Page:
Tuesday, August 20, 2013

Eavesdropping on a foraging pilot whale

The world of a deep-diving toothed whale is hard to imagine. However, it is even more challenging to imagine how the whales themselves perceive their underwater environment.

Frants Jensen analysing data from a
recently tagged pilot whale
Toothed whales depend on echolocation sounds for orientation and foraging. They send out high-amplitude, highly directional biosonar signals but have to listen for the tiny fraction of sound energy reflected off prey and other objects. Foraging requires both detecting and discriminating the faint echoes from prey through background noise but also closing in on and capturing prey up close.

The beauty of echolocation-based foraging is that we can use acoustic recording tags to eavesdrop on the foraging of tagged animals such as sperm whales or beaked whales, effectively tapping into their own biosonar system.

A time-frequency representation (spectrogram)
of a foraging buzz produced during prey capture
Like other toothed whales, pilot whales switch from relatively slow clicking when searching and approaching prey, to periods of very fast clicking (a foraging buzz) when they get close to prey. These periods of rapid buzzing can be used for identifying when or where tagged animals forage. This information can also be combined with the other sensors of the tag to identify specific kinematic maneuvers during prey capture, or determine whether prey was captured.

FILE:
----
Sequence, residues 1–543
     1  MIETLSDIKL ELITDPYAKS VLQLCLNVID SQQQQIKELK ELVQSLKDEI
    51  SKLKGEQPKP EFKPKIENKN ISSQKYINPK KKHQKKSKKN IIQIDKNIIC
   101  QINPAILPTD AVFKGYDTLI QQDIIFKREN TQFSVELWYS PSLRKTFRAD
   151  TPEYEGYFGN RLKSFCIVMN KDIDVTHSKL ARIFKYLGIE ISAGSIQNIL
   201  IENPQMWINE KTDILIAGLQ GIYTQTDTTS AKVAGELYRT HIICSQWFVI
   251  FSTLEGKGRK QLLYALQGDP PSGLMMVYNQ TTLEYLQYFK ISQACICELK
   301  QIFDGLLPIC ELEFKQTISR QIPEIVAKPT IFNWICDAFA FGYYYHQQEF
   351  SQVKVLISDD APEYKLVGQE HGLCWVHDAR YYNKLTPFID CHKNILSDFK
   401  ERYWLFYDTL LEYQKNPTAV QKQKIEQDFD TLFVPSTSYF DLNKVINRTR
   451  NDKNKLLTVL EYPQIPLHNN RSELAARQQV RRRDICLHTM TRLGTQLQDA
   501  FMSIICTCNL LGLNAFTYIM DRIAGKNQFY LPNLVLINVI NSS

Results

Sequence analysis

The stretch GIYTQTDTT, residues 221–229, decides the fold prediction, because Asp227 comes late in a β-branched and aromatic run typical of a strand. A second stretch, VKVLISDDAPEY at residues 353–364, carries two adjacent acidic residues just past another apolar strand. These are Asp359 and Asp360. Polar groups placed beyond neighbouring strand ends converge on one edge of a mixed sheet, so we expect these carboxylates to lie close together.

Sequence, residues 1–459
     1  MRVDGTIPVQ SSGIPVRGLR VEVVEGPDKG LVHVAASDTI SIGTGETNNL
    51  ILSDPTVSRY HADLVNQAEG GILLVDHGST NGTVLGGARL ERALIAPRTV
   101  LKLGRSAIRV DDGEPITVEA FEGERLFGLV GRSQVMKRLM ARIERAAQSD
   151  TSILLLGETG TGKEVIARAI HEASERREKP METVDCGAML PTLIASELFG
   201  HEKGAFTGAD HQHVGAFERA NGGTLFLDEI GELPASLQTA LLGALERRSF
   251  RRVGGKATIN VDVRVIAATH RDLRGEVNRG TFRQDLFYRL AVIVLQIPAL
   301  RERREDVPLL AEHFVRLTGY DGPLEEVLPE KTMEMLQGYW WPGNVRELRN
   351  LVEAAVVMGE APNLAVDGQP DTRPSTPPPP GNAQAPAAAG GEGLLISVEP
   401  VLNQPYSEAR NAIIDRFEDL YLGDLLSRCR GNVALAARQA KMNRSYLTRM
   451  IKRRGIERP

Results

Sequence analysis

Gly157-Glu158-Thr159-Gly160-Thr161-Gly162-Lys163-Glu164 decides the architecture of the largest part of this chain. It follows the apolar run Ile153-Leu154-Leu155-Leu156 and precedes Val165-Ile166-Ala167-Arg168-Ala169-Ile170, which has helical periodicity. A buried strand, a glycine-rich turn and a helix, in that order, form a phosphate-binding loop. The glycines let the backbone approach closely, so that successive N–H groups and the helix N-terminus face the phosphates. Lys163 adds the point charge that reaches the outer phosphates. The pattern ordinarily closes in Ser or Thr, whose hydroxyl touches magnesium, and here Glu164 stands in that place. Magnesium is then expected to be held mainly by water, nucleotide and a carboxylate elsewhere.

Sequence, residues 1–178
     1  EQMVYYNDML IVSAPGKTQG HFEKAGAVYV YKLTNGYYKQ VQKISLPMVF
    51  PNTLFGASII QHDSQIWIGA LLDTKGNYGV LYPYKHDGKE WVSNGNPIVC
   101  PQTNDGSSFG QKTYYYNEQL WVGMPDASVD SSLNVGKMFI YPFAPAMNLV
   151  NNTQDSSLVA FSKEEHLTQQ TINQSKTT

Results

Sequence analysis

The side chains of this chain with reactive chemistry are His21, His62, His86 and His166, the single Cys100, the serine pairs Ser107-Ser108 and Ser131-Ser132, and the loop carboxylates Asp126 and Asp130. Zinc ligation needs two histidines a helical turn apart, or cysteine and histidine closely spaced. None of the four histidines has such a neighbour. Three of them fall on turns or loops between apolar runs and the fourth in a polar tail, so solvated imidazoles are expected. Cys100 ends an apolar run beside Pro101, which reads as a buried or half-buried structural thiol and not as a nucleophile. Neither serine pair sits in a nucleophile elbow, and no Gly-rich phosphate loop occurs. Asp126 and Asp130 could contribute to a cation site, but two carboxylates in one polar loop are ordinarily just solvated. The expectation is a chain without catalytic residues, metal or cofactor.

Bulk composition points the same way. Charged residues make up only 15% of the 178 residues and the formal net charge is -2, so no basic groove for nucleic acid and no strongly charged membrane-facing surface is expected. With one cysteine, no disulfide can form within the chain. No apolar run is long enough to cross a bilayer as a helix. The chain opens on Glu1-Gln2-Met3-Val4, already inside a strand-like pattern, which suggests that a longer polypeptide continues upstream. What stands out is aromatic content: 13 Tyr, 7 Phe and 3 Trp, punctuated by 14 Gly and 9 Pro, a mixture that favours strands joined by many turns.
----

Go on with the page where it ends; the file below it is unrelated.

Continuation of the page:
Listen in on a pilot whale while it searches for and captures prey

Here, we have taken a dive profile and marked down the different foraging events using some of the auditing software developed for these DTAGs. Five different sequences (labeled A to E) can be listened through by pressing the corresponding button:

A: Pilot whale starts searching for food using regularly spaced echolocation clicks.
A: Play sound

B: First foraging buzz in this deep dive.
B: Play sound

C: A handful of foraging buzzes occur near the bottom of the dive, some of them quite long, possibly indicating prey chases.
C: Play sound

D:  On its way back to the surface, the pilot whale is mostly silent, but occasionally calls out for group members.
D: Play sound

E: As the tag breaks the surface of the water, the animal catches its first breath of fresh air in 14 minutes.
E: Play sound


 Written by Frants Jensen

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